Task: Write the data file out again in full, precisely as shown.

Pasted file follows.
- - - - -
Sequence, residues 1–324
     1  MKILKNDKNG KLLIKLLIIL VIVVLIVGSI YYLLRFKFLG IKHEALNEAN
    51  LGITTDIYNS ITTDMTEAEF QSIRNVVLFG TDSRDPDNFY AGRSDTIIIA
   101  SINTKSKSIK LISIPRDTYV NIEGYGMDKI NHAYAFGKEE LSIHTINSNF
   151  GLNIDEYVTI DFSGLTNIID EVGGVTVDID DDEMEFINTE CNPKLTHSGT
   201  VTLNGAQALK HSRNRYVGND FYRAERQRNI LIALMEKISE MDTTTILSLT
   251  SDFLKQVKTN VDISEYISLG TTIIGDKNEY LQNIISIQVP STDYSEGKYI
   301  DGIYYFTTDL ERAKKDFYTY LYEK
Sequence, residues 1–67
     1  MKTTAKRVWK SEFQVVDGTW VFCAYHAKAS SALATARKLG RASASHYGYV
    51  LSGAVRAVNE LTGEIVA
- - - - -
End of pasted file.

Sequence, residues 1–324
     1  MKILKNDKNG KLLIKLLIIL VIVVLIVGSI YYLLRFKFLG IKHEALNEAN
    51  LGITTDIYNS ITTDMTEAEF QSIRNVVLFG TDSRDPDNFY AGRSDTIIIA
   101  SINTKSKSIK LISIPRDTYV NIEGYGMDKI NHAYAFGKEE LSIHTINSNF
   151  GLNIDEYVTI DFSGLTNIID EVGGVTVDID DDEMEFINTE CNPKLTHSGT
   201  VTLNGAQALK HSRNRYVGND FYRAERQRNI LIALMEKISE MDTTTILSLT
   251  SDFLKQVKTN VDISEYISLG TTIIGDKNEY LQNIISIQVP STDYSEGKYI
   301  DGIYYFTTDL ERAKKDFYTY LYEK
Sequence, residues 1–67
     1  MKTTAKRVWK SEFQVVDGTW VFCAYHAKAS SALATARKLG RASASHYGYV
    51  LSGAVRAVNE LTGEIVA